The Supreme Court has thrown various contentious tasks at Parliament over the last few years—fixing the laws around prostitution and assisted dying, for instance—and last week, we got one more. The Supreme Court justices found that as the law is written, bestiality is legal so long as there is no penetration.
Needless to say, this should be fixed swiftly. More than likely, at the time it was written the lawmakers thought it would be good enough, as surely we don’t actually want to live in a society where non-penetrative sex with animals is legal—and if you do, the simple argument is that an animal is not capable of consent analogously to how a child is not capable of consent. We’re talking about open season on a particular kind of animal abuse, and we’d best deal with it.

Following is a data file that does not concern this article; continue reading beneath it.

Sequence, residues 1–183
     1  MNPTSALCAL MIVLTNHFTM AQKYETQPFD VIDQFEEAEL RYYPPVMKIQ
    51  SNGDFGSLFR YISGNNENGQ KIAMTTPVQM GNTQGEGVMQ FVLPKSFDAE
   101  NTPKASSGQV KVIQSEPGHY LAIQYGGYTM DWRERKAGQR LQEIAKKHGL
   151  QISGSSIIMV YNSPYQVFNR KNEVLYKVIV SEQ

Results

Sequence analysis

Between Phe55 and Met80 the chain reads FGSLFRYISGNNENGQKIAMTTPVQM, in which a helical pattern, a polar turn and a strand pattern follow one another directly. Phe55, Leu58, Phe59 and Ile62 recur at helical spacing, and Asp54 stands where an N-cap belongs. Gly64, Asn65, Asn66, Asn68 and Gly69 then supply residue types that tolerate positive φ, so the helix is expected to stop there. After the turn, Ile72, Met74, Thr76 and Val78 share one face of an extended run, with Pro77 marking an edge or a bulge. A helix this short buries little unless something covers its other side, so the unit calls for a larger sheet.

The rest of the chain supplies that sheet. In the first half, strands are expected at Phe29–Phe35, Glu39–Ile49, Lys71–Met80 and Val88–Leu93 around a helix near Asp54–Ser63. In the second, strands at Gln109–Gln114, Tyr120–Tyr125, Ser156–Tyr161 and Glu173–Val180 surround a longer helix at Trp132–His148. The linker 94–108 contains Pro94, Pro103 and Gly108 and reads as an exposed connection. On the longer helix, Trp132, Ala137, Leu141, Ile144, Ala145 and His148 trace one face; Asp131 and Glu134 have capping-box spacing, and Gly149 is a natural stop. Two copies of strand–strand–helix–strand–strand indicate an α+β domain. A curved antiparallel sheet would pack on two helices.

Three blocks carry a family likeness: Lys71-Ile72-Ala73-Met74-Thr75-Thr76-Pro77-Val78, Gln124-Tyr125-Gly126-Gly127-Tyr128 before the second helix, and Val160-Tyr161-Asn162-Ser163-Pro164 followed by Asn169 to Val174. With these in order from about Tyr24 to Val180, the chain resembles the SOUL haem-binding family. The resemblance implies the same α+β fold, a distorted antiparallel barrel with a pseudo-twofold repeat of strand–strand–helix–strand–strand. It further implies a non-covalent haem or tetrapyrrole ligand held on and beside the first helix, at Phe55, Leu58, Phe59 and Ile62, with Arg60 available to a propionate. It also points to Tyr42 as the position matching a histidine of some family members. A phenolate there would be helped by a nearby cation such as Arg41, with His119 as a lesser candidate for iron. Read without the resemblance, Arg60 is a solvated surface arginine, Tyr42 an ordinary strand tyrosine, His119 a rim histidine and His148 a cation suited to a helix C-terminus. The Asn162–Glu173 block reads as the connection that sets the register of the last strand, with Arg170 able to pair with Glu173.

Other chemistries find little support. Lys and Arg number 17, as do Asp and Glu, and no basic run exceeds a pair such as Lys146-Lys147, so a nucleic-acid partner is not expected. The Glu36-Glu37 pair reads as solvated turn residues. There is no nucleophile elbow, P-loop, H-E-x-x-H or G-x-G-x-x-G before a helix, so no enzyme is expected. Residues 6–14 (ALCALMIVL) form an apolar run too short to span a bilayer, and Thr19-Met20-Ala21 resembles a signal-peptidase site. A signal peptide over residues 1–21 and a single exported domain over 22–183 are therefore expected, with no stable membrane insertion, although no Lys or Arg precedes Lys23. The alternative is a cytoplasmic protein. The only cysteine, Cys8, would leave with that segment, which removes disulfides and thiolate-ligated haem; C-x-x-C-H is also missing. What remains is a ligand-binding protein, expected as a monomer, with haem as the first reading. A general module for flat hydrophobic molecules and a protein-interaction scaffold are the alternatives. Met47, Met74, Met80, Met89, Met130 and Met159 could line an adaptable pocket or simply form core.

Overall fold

So yes, this will require our legislators to discuss what counts as sex with an animal. As it happens, a private member’s bill, Bill C-246 was introduced by Liberal MP Nathaniel Erskine-Smith in February, proposing a slew of animal-rights updates to our laws, with a section on bestiality mentioned specifically to close the very loophole around
Previous attempts by the Liberals to update such laws failed, and private members’ bills often don’t become law. Perhaps you wouldn’t agree with all the changes in Bill C-246, but surely now that the Supreme Court has found that it’s perfectly legal to sexually engage with animals in a wide variety of ways, we might at least agree that there’s a strong possibility that our animal-rights laws are generally decades out of date. Throwing a little more light on an attempt to update them would be a good thing. V